We implemented the OverQoS node architecture in about lines of C code. The communication between overlay nodes uses the UDP socket interface. For loss recovery, we use the FEC software library built by Rizzo et al. . Our implementation works on both Linux and FreeBSD platforms.
Figure 4 illustrates the structure of a single OverQoS node along a given path. An OverQoS node listens on a UDP socket for the arrival bundle and tunnels the traffic to the exit node as a UDP stream. The CLVL Encoder and Decoder modules implement the CLVL abstraction on top of the overlay link by adding the necessary level of redundancy to recover from packet losses.The decoder also provides loss feedback to the encoder for computing the optimal redundancy factor. The Traffic Management module implements per-flow or per-packet resource management. Different QoS schedulers and buffer management schemes like priority scheduling and smoothing losses is performed by this module. The rate estimator computes the CLVL parameters , and while the link estimator provides feedback to the transmitting OverQoS node about the virtual link characteristics comprising: (a) loss feedback for computing the loss distribution; (b) , the round trip time.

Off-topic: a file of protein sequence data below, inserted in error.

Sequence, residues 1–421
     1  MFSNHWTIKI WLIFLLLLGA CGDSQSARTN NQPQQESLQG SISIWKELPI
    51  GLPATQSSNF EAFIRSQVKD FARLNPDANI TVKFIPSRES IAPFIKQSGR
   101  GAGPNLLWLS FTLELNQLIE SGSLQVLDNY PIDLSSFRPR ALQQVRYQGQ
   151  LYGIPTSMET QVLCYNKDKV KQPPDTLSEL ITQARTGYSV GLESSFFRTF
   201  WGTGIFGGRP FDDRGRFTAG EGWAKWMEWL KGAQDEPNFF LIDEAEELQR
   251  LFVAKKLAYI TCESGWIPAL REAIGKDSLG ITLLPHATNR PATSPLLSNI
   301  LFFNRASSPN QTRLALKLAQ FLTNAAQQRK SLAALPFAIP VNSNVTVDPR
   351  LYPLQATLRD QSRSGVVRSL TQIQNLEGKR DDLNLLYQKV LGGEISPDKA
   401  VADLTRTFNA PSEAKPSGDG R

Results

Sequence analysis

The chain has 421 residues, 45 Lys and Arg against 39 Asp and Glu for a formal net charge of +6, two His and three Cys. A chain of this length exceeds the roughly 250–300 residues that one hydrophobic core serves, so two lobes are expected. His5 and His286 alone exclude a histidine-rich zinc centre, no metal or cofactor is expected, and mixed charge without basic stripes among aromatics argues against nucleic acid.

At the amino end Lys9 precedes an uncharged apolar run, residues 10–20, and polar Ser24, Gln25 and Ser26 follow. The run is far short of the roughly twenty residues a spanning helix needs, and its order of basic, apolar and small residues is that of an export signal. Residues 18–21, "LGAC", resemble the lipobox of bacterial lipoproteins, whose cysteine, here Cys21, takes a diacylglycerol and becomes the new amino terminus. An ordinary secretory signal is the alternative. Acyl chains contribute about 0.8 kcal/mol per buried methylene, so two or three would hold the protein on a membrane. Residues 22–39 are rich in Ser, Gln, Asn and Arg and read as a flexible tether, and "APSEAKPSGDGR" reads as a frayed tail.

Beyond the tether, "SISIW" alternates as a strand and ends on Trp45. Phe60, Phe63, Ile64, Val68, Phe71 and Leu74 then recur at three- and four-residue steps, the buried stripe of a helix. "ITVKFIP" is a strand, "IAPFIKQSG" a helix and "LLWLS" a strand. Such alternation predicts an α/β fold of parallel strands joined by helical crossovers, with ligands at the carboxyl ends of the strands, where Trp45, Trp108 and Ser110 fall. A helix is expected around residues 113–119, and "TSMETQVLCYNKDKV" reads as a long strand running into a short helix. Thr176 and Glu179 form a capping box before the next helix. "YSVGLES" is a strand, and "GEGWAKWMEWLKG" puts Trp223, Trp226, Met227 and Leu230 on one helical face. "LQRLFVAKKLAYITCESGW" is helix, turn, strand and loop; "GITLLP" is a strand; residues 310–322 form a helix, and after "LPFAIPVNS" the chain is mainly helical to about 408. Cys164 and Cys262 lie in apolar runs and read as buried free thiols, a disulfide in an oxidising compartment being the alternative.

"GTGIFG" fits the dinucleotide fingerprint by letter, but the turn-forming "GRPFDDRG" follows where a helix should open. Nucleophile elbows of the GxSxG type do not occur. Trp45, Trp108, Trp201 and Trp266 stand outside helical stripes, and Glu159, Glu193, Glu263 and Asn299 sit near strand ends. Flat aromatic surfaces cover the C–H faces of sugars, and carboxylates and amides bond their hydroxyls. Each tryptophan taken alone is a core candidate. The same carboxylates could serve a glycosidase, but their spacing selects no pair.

CLVLs along an overlay path can be stitched together (or cascaded) to provide end-to-end services. Cascaded CLVLs can introduce artificial losses at an overlay node if the available bandwidth on the incoming links is larger than the available bandwidth in the outgoing links. In order to avoid any artificial packet losses at an intermediary node in an overlay path, an OverQoS node uses to signal the maximum sending rate to its predecessor. This is illustrated in Figure 4.